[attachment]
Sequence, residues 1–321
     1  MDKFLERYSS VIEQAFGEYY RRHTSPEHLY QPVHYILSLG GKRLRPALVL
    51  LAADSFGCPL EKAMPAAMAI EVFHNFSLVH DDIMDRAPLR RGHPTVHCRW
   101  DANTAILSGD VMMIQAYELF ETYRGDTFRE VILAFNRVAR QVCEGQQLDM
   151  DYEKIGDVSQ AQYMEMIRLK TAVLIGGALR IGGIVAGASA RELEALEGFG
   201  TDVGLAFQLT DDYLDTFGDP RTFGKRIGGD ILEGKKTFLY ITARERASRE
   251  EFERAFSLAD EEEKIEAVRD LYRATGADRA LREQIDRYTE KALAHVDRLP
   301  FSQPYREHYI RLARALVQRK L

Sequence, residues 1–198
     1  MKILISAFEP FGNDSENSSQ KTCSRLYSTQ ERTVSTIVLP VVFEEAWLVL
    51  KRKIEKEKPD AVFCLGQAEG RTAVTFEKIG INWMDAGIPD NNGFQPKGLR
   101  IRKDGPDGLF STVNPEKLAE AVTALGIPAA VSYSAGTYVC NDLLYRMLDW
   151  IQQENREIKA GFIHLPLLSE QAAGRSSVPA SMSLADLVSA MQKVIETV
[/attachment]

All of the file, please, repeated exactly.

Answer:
Sequence, residues 1–321
     1  MDKFLERYSS VIEQAFGEYY RRHTSPEHLY QPVHYILSLG GKRLRPALVL
    51  LAADSFGCPL EKAMPAAMAI EVFHNFSLVH DDIMDRAPLR RGHPTVHCRW
   101  DANTAILSGD VMMIQAYELF ETYRGDTFRE VILAFNRVAR QVCEGQQLDM
   151  DYEKIGDVSQ AQYMEMIRLK TAVLIGGALR IGGIVAGASA RELEALEGFG
   201  TDVGLAFQLT DDYLDTFGDP RTFGKRIGGD ILEGKKTFLY ITARERASRE
   251  EFERAFSLAD EEEKIEAVRD LYRATGADRA LREQIDRYTE KALAHVDRLP
   301  FSQPYREHYI RLARALVQRK L

Sequence, residues 1–198
     1  MKILISAFEP FGNDSENSSQ KTCSRLYSTQ ERTVSTIVLP VVFEEAWLVL
    51  KRKIEKEKPD AVFCLGQAEG RTAVTFEKIG INWMDAGIPD NNGFQPKGLR
   101  IRKDGPDGLF STVNPEKLAE AVTALGIPAA VSYSAGTYVC NDLLYRMLDW
   151  IQQENREIKA GFIHLPLLSE QAAGRSSVPA SMSLADLVSA MQKVIETV